‘The War of the Worlds’ is H. G. Wells’ most popular novel and is celebrated as one of the most influential and greatest science-fiction stories ever. Its popularity stems largely from the fact that it is one of the earliest stories dealing with an alien invasion on Earth. An army of Martians lands in England and their three-legged robots wreak havoc and destruction upon the unsuspecting civilians. The protagonist is separated from his wife during the onslaught and must defeat the invaders and find his wife. This thrilling novel features non-stop action from the start as the protagonist must journey through a nightmarish world in which aliens are not the only monsters. The novel remains timeless due to its critique of imperialism and its belief that civilisation will turn to other planets once their native resources have been plundered. Well’s vivid and terrifying imagery caused widespread panic when ‘The War of the Worlds’ was broadcast as a radio play in 1938 as people believed the invasion was real. The novel spawned an Academy Award-nominated movie adaptation directed by Steven Spielberg and starring Tom Cruise in 2005. It is clear to see why ‘The War of the Worlds’ remains influential as it is the definition of a page-turner and should be read by fans of authors such as George Orwell or Frank Herbert.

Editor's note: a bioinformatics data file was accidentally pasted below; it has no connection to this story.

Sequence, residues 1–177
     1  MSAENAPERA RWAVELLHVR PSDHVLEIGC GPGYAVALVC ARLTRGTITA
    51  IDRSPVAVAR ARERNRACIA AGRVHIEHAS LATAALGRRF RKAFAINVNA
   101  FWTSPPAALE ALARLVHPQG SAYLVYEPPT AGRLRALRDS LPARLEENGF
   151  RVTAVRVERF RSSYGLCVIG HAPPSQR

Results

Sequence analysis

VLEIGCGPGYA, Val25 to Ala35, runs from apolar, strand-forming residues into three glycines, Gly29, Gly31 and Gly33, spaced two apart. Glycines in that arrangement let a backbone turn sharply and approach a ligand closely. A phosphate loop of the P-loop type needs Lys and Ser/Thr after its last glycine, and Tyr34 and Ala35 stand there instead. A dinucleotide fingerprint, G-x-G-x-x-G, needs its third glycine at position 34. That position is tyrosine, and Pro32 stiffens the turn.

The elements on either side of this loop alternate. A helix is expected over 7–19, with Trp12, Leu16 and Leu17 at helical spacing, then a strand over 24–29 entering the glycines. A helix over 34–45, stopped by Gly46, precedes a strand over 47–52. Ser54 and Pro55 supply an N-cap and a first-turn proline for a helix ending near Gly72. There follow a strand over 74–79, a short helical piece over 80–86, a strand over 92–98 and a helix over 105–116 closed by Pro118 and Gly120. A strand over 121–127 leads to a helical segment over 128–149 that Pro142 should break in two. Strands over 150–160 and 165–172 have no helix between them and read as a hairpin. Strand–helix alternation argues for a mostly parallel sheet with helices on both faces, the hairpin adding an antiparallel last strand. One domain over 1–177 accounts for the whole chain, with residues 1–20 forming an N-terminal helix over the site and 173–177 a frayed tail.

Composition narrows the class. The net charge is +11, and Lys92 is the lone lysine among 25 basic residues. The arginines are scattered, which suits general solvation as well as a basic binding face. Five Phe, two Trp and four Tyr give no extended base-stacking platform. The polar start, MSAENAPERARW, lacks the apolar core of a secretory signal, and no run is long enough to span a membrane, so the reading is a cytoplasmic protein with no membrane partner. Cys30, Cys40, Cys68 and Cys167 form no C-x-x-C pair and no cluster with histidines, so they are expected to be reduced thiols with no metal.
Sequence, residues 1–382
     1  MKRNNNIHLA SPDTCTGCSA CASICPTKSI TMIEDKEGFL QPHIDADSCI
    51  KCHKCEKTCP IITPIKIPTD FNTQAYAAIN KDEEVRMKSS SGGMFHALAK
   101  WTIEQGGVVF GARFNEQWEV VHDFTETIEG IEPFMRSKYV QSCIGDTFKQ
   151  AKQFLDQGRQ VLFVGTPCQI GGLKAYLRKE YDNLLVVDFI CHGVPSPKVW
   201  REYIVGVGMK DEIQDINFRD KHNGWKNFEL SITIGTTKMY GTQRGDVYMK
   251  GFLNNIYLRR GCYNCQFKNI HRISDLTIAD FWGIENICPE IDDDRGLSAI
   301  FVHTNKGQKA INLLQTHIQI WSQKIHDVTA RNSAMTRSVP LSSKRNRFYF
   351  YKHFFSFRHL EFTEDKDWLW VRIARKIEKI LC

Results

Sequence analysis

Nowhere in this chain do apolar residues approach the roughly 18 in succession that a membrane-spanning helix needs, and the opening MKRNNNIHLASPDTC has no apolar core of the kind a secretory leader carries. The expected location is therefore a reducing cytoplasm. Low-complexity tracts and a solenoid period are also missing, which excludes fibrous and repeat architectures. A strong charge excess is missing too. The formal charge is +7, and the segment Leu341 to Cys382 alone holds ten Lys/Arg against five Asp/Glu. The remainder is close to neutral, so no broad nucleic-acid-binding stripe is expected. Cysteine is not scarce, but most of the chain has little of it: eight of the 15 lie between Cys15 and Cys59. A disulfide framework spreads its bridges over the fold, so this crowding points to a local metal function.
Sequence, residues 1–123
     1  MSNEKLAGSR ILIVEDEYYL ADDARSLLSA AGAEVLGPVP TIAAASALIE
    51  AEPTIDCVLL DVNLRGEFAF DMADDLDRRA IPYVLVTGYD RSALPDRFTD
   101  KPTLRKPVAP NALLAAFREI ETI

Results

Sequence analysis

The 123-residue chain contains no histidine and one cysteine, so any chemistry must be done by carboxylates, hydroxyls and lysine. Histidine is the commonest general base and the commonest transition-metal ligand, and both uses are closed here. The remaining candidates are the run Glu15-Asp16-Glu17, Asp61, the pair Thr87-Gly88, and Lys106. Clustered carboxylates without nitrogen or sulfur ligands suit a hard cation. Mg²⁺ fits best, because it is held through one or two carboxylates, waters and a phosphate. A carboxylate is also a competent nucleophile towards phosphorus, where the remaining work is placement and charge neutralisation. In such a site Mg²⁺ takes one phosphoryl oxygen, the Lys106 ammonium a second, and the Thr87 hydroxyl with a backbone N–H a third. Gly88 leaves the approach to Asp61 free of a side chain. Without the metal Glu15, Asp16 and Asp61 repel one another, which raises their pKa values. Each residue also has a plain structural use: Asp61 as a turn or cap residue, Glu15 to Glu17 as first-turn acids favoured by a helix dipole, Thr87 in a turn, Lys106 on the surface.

H. G. Wells (1866-1946) was a celebrated English writer, remembered mostly for his science fiction works. Often described as a futurist, H. G. Wells’ influence cannot be overstated for his works foresaw many technological innovations such as space travel, the atomic bomb, and the Internet. A four-time Nobel Prize in Literature nominee, Wells explored a wide array of themes in his works, from religion to social criticism and beyond. Some of his best works include the time-travel novel ‘The Time Machine’, the sci-fi adventure novel ‘The Island of Dr. Moreau’, and the mankind-versus-aliens novel ‘The War of the Worlds’. Wells occupies one of the central seats in the canon of science-fiction literature and his writing inspired other celebrated authors such as Ray Bradbury and Philip K. Dick. Wells’ stories are still widely read to this day and have had numerous cinematic adaptations including ‘The Invisible Man’ starring Elisabeth Moss.